What is the number of degrees in a right angle times the number of degrees of one angle of an equilateral triangle? Compute in your head only.
This is a sample question posed at the Washington State Math Championship held in Blaine on March 19. Hosted by ConocoPhillips and the Blaine School District, more than 1,400 fifth- through eighth-grade students from all over the state competed as teams and individuals. Queen Anne's Seattle Country Day School team, which includes a student from Magnolia, came out on top in both categories.
Coached by parent Granya O'Neill, contestants included John Barnhart, Robin Barson, Grayson Chao, Steven Diamond, Michaela Fallon, Maya Gainer, Kelley Hall, Magnolia resident Donna Leet, Alex McMaster, Sean McQueen, Amelia Mockett, Miriam Pollock, Jenny Solyanik, Callie Wade and Zack Woodruff.
All are members of the Math Club, which meets once a week after school. Started by O'Neill about four years ago, the Math Club differs from math classes in that there is no curriculum.
"Kids tackle problems out of context," says O'Neill. "SCDS has a wonderful curriculum overall, oriented toward problem-solving, but in math classes kids are taught math skills chapter by chapter, each with like problems.
"Math Club is more like life," she adds. "Nobody tells you how to do it. Also, though students might arrive at the same answer to a problem, their minds work differently, and so their solutions take different routes. In Math Club kids explain their processes to each other.
"My challenge is to ask a good question; then I get to watch them think," O'Neill said. "It's beautiful, really. It's a privilege to work with kids who aren't just bright but who also love math as much as I do."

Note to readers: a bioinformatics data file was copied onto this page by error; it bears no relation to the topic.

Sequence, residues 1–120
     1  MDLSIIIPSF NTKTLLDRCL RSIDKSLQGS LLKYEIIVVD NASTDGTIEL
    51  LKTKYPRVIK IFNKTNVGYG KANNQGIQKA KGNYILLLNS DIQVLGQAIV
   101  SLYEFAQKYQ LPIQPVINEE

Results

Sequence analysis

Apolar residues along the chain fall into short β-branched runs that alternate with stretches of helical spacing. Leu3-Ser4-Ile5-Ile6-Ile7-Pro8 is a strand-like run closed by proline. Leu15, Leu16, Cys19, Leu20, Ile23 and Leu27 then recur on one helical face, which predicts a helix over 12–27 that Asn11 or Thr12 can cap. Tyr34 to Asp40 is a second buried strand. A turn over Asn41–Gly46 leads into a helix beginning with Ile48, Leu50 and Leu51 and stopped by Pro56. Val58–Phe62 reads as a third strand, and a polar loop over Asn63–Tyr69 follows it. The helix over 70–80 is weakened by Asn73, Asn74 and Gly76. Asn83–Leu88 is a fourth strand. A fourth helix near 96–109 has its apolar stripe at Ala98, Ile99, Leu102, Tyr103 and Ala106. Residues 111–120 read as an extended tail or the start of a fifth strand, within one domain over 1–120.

Teams at the tournament consisted of a maximum of four students from the same grade. They took five team tests in algebra, geometry, probability, an unpredictable combination of questions called "Potpourri," as well as "Mental Math," an oral test taken without the aid of paper, pencil or calculators.
A sixth individual test of 30 problems was also given, with the first 10 questions being scored toward the team test results. Thus all contestants vied for the individual championship. "In the individual section you have to be fast, not just good," O'Neill says.
Team victories illustrate the students' abilities to work together. "They know each others' strengths and trade problems accordingly," O'Neill explains. "It's like knowing who to pass the ball to in any other team sport."
Queen Anne residents Maya Gainer and Kelley Hall, along with Steven Diamond and Callie Wade, formed the SCDS eighth-grade team that won first place.
Steven Diamond also earned first place in the individual competition.
The SCDS sixth-grade team did well, too, placing 12th out of almost 100 teams at its level. That team included Chao, Leet, Mockett and Pollock.
Teru Lundsten is a freelance writer and photographer living on Queen Anne. You can rite her by email at the address email@example.com.[[In-content Ad]]